Let me start off by telling you about last week.
The only way to describe it is euphoria. Finally, at long last, I’d found balance and happiness in my life. Or so I thought. I felt motivated and cheerful, so energetic. When I looked in the mirror, I saw a human being, not a whale. I ate more or less three meals a day. In retrospect I think I was a little bit out of myself. I didn’t really sleep and I couldn’t concentrate on anything for longer than a minute before my mind ran away with me.
On Monday, I woke up feeling strange. I was still on an unnatural high but I could feel a slight shift; as though I was gliding along a tightrope way up in the air but my safety net had disappeared. I knew I was going to plummet and there was nothing I could do about it.
I went to the gym, hoping that the endorphin rush I knew I’d get from an hour of hard work would stop me from falling. I went home, showered, and headed out to watch the fireworks with a group of friends on a hill. And as I sat there, drinking my horribly strong vodka and lemonade and chain smoking away my student loan, it happened. I fell. Hard. When your emotions are prone to shifting so suddenly, you know what to expect when it happens, but it takes you by surprise every time. It’s as though you’ve suddenly been kicked in the guts; knifed in the stomach and left to bleed. No matter how stable you seem on the outside.
I finished my drink in one. After doing so much exercise and eating very little, the alcohol seeped into my bloodstream almost immediately. The drunker I got, the more isolated I felt. I became impulsive, and a familiar craving for adrenaline kicked in. I wanted to run, jump, fling myself off the mountain and never look back.
Well, I did something stupid that night. Something I really regret, but looking back I suppose I could have done so much worse. I won’t tell you what it was – trust me, you don’t really want to know – but I wish the entire night just hadn’t happened.
Between Monday night and Wednesday morning, I got out of bed for a grand total of two hours, mainly to find food to stuff into my fat bloated face and then throw back up. My brain felt like it wasn’t working properly and I was in the worst black hole of depression I think I’ve ever been in. Emotions aren’t just described as ‘low’ in a metaphorical sense – it’s a physical feeling too. The sinking sensation in my abdomen was so intense that it almost hurt to breathe.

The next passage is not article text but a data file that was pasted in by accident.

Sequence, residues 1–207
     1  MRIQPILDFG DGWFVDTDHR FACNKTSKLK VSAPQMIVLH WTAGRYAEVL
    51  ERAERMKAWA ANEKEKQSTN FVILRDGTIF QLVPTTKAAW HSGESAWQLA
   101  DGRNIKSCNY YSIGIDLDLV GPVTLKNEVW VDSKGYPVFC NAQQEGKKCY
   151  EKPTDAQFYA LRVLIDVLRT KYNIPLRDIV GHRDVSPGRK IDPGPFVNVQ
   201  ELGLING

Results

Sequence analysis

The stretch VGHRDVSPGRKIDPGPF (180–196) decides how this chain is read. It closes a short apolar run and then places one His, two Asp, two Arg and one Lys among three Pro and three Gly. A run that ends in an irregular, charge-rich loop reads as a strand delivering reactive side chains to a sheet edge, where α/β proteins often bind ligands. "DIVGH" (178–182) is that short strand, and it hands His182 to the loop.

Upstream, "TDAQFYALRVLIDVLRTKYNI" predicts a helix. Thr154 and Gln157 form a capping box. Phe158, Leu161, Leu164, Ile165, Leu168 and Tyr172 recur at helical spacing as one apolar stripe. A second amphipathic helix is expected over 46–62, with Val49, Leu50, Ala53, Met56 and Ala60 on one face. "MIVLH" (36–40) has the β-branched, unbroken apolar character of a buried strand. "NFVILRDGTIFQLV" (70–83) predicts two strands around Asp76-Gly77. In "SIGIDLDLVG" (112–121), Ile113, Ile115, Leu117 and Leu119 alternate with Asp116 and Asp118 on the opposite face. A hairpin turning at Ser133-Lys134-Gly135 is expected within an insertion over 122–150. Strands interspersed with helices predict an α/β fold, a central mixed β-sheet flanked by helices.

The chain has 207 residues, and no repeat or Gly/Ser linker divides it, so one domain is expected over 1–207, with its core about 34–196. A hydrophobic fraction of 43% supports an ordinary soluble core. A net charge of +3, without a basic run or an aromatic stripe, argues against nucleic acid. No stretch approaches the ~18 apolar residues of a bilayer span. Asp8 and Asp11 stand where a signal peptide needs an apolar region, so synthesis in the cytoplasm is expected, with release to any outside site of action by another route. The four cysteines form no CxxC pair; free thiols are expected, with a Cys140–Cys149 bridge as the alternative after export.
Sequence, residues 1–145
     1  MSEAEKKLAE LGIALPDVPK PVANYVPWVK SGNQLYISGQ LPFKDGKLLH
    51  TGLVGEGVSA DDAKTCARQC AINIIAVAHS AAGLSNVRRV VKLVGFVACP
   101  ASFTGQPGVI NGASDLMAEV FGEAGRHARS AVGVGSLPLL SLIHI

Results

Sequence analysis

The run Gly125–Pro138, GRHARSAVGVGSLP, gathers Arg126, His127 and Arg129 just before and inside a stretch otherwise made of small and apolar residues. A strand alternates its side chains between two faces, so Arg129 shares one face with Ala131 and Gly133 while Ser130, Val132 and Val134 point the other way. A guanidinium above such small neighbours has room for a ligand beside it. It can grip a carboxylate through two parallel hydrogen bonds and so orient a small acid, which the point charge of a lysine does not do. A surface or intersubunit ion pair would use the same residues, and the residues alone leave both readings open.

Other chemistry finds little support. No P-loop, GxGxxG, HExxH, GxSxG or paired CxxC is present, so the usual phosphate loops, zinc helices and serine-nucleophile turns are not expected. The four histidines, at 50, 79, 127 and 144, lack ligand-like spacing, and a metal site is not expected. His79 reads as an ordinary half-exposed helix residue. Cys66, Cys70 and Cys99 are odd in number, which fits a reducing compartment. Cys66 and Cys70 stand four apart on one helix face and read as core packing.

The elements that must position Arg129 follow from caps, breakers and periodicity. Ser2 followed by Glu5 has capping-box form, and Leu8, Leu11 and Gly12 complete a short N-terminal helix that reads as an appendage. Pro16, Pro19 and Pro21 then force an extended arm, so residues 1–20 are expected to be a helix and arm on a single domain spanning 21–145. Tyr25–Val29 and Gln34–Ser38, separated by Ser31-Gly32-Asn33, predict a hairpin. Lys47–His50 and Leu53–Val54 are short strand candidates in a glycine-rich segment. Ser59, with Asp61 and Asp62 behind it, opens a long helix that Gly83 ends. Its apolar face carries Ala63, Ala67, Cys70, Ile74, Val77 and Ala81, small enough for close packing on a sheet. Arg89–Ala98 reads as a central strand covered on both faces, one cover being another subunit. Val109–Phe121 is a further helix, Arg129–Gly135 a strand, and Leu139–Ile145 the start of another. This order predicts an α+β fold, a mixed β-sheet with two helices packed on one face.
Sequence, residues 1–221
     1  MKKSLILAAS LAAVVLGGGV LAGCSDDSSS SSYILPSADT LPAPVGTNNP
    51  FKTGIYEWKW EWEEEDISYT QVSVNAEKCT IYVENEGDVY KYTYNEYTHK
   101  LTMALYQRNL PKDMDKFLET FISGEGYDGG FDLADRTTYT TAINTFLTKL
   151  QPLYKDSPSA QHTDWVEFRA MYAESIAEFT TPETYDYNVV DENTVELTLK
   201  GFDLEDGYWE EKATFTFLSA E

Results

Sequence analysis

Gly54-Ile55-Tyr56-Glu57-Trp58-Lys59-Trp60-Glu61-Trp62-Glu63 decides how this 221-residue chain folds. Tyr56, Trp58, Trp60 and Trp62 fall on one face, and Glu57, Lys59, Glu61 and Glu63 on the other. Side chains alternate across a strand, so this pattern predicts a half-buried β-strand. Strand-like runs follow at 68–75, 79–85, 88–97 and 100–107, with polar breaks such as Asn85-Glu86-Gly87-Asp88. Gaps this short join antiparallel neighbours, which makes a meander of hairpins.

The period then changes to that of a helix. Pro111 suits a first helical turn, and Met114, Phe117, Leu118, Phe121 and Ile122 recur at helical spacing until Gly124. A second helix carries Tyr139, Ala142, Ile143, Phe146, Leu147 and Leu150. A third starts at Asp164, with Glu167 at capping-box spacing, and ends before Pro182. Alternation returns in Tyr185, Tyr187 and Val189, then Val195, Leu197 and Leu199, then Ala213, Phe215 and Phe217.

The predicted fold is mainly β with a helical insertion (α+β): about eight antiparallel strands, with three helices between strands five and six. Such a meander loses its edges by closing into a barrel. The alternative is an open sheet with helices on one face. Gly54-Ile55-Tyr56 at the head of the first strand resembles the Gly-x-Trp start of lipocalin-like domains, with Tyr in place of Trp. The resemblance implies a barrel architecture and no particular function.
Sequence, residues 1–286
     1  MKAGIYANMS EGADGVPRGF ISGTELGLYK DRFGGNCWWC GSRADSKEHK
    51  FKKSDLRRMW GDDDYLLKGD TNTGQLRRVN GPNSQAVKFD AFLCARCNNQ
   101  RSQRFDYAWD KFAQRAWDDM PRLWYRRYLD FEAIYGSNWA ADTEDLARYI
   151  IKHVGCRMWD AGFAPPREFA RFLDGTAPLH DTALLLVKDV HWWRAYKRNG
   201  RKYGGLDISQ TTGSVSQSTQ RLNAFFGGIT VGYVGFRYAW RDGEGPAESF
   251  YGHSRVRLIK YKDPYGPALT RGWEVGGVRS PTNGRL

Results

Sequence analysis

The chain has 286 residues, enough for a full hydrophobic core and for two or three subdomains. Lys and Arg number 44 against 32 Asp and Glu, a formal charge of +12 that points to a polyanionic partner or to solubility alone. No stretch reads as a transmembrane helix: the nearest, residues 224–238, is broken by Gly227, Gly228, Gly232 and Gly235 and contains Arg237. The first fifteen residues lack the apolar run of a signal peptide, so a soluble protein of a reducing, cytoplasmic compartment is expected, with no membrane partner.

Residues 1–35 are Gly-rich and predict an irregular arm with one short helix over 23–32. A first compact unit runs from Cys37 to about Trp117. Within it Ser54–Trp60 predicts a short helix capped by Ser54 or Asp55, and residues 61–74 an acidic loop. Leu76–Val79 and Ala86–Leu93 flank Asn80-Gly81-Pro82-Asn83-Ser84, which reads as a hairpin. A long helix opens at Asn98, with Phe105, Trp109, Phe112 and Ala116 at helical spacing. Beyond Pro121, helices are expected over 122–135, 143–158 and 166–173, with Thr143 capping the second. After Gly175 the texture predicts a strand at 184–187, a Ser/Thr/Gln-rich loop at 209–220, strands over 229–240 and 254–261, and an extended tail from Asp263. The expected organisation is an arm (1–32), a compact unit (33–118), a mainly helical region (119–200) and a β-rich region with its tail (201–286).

On Wednesday, I had an assessment meeting with a psychotherapist, which my doctor referred me for a couple of weeks ago. I walked there without really thinking about where I was going – I could only concentrate on my punctured sprits and the acid burning in the back of my throat. I arrived and signed in, my daze only permeated slightly by the acrid, clinical scent of pine floor cleaner which assaulted my nostrils. A small, chubby Pakistani lady in a lilac shirt strutted into the achingly peaceful waiting room, called my name, and led me off to a small, simply decorated white room.
She interrogated me for almost two hours. She dragged up so much shit from my past, things which I thought I’d accepted long ago and issues which I’d buried away in locked drawers then thrown away the key. She asked about my family, my degree, when my eating problems started, if I self harmed, about my alcohol intake, drug use, sexual activity – she pulled me apart. Bear in mind that before I walked into that room, it had barely crossed my mind why I was there. It sounds ridiculous now but I hadn’t considered the fact that she was assessing me, my mind, my health.
An hour and forty minutes later, after lecturing me about my alcohol intake and terrible lifestyle choices, she came to the conclusion that I have something called ‘emotionally unstable personality disorder’ – otherwise known as ‘borderline personality disorder’. I looked it up. It basically describes me. I won’t go into too much detail – if you want to know about it, you probably have a better chance of understanding it by reading Wikipedia rather than listening to an idiot like me ranting on. Basically, it’s summarised by a tendency to overreact, quick and intense cycles of mood swings, difficulty in relationships, extremely low self-image, impulsive and self destructive behaviour, eating disorders, substance abuse and a general overriding feeling of emptiness.
The emptiness is haunting me right now. I don’t know where I’m going to go from here.